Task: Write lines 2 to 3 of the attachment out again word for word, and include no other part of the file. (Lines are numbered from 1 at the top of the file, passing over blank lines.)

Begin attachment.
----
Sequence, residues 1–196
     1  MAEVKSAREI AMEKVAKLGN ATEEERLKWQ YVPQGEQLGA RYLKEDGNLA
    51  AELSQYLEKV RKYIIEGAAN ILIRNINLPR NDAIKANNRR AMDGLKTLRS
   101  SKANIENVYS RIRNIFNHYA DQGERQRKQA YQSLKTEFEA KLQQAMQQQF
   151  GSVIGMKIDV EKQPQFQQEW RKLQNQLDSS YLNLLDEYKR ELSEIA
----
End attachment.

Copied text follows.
     1  MAEVKSAREI AMEKVAKLGN ATEEERLKWQ YVPQGEQLGA RYLKEDGNLA
    51  AELSQYLEKV RKYIIEGAAN ILIRNINLPR NDAIKANNRR AMDGLKTLRS